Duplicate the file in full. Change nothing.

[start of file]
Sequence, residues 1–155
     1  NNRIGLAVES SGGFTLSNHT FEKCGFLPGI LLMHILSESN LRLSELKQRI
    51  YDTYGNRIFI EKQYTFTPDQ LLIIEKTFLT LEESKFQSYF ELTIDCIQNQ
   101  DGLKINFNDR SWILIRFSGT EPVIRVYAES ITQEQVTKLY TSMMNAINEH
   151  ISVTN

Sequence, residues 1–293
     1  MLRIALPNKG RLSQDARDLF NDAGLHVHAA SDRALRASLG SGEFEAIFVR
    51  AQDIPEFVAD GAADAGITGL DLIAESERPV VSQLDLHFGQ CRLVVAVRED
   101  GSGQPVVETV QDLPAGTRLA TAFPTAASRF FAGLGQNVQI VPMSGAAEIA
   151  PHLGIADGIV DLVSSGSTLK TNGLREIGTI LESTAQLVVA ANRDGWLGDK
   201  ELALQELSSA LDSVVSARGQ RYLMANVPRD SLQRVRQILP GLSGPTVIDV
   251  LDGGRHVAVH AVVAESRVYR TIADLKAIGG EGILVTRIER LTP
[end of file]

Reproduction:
Sequence, residues 1–155
     1  NNRIGLAVES SGGFTLSNHT FEKCGFLPGI LLMHILSESN LRLSELKQRI
    51  YDTYGNRIFI EKQYTFTPDQ LLIIEKTFLT LEESKFQSYF ELTIDCIQNQ
   101  DGLKINFNDR SWILIRFSGT EPVIRVYAES ITQEQVTKLY TSMMNAINEH
   151  ISVTN

Sequence, residues 1–293
     1  MLRIALPNKG RLSQDARDLF NDAGLHVHAA SDRALRASLG SGEFEAIFVR
    51  AQDIPEFVAD GAADAGITGL DLIAESERPV VSQLDLHFGQ CRLVVAVRED
   101  GSGQPVVETV QDLPAGTRLA TAFPTAASRF FAGLGQNVQI VPMSGAAEIA
   151  PHLGIADGIV DLVSSGSTLK TNGLREIGTI LESTAQLVVA ANRDGWLGDK
   201  ELALQELSSA LDSVVSARGQ RYLMANVPRD SLQRVRQILP GLSGPTVIDV
   251  LDGGRHVAVH AVVAESRVYR TIADLKAIGG EGILVTRIER LTP